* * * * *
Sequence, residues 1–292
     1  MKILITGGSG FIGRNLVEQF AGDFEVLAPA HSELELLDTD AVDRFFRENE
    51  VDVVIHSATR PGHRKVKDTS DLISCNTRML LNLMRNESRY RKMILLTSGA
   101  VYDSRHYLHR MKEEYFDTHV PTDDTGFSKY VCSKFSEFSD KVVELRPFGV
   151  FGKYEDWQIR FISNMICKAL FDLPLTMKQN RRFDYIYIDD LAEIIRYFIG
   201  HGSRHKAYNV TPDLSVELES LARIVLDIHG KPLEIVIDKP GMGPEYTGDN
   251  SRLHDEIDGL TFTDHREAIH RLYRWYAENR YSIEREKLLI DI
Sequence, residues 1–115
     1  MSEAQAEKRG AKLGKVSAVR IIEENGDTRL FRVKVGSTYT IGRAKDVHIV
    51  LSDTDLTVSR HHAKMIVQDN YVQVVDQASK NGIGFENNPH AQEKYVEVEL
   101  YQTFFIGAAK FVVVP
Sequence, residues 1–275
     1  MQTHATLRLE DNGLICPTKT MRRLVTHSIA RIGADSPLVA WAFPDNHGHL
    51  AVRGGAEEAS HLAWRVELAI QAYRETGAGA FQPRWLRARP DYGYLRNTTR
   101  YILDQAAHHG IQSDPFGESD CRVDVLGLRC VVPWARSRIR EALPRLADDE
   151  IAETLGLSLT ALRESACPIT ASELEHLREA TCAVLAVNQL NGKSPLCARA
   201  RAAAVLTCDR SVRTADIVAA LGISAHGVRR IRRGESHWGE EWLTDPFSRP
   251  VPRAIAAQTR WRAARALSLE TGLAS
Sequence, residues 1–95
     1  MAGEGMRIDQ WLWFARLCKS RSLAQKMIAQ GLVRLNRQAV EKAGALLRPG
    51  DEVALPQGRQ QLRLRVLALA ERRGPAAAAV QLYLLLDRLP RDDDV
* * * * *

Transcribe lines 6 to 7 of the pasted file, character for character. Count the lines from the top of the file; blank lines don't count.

   201  HGSRHKAYNV TPDLSVELES LARIVLDIHG KPLEIVIDKP GMGPEYTGDN
   251  SRLHDEIDGL TFTDHREAIH RLYRWYAENR YSIEREKLLI DI